New York Times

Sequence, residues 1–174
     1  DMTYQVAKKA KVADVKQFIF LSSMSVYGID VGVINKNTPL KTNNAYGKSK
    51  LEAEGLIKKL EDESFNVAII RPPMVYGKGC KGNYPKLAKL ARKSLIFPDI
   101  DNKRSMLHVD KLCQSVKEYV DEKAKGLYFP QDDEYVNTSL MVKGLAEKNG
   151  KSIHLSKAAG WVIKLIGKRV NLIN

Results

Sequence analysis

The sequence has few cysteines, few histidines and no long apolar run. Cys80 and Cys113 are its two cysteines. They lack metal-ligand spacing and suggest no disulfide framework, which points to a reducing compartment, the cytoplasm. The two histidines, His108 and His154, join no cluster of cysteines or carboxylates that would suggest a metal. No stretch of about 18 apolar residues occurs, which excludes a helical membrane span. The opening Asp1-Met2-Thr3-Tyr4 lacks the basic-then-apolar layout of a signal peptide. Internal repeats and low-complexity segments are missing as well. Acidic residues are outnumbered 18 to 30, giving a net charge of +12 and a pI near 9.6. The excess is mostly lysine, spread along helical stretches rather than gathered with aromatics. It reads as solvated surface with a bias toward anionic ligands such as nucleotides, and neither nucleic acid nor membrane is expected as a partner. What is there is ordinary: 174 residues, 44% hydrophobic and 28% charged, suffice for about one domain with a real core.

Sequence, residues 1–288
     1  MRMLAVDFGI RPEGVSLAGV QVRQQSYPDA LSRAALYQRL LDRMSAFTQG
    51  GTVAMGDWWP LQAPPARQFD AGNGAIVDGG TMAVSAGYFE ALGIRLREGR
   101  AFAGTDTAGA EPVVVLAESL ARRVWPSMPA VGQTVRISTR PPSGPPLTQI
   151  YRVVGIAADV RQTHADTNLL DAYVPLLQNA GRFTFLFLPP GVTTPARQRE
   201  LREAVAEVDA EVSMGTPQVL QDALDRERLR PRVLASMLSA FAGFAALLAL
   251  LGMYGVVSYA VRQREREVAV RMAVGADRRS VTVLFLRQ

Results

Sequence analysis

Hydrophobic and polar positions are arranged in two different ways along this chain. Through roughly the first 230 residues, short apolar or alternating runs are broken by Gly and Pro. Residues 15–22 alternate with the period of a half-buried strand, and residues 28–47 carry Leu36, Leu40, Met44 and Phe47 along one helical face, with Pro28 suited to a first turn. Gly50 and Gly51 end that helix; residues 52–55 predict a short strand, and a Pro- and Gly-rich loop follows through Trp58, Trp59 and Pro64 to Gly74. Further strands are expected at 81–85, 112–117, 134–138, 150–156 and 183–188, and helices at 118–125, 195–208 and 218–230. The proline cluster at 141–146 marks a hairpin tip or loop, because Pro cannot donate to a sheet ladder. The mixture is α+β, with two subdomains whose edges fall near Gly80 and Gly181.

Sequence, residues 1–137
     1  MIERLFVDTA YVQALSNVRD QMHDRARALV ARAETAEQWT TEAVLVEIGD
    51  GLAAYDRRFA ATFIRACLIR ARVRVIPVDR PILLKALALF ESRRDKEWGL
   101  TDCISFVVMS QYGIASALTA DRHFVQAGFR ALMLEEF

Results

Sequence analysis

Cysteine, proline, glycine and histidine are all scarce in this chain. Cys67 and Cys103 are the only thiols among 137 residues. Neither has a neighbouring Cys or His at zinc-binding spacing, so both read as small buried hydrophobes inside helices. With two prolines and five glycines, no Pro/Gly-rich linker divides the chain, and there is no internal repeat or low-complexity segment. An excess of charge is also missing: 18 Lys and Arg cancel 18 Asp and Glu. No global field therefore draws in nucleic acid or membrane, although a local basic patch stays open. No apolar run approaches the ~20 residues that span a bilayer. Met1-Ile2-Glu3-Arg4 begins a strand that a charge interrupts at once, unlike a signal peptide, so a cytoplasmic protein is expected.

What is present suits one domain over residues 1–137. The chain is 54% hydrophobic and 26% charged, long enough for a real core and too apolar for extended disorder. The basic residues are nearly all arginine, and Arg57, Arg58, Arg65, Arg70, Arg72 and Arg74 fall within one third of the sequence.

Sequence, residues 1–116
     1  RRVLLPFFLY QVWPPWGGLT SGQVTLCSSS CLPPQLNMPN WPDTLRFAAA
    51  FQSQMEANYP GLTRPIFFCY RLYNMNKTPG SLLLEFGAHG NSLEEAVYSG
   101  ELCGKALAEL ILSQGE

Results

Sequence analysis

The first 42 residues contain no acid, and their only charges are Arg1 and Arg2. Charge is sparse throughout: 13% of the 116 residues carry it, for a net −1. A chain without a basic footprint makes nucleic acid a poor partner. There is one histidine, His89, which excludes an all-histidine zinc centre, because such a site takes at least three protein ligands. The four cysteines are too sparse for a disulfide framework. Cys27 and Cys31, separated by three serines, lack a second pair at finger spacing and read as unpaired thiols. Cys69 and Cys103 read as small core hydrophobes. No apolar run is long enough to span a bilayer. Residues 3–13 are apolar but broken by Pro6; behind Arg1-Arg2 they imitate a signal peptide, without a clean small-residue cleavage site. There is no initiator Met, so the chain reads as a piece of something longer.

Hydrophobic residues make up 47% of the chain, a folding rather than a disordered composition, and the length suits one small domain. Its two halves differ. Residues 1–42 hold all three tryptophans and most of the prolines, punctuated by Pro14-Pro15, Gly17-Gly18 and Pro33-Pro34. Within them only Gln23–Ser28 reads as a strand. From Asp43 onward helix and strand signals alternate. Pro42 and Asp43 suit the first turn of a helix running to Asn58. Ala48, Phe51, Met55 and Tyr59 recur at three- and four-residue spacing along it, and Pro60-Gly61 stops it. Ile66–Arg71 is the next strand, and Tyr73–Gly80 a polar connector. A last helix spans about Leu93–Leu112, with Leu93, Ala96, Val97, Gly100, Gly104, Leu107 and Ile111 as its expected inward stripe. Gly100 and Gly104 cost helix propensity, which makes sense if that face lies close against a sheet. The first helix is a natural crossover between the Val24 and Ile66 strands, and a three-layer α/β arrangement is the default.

Superficially, “Miss O’Dell” appears to be a typical rock memoir. O’Dell and her famous friends — she worked for the Beatles’ Apple Corps and later tour-managed some of the biggest acts of the ’70s — consume staggering amounts of substances (did Ringo really do that much coke?) before and after sleeping with one another (she says she slept with Ringo). But the character you quickly care most about — more than Dylan, Clapton and the rest of the “Last Waltz” cast — is O’Dell herself. She is Nick Carraway to classic rock’s egotistical Gatsbys; she is, literally, the ignored “woman down the hall” in Joni Mitchell’s song “Coyote” (Sam Shepard was Coyote), and it must hurt to be the one to tell us. At the same time, O’Dell manages to be endearingly self-aggrandizing, like a Jane Austen heroine. Her writing (done with Katherine Ketcham) is brisk and excellent: the moment that Maureen Starkey, cheating on Ringo with his old band mate George, produces, in front of Ringo, George’s brand of cigarettes — Marlboros — could appear in a good novel. Sure, O’Dell bedded Mick and Bob, but who didn’t. Only O’Dell would dwell longest on her relationship with the semifamous pianist Leon Russell: “the first true love of my life, who rejected me before I had the good sense to leave.”
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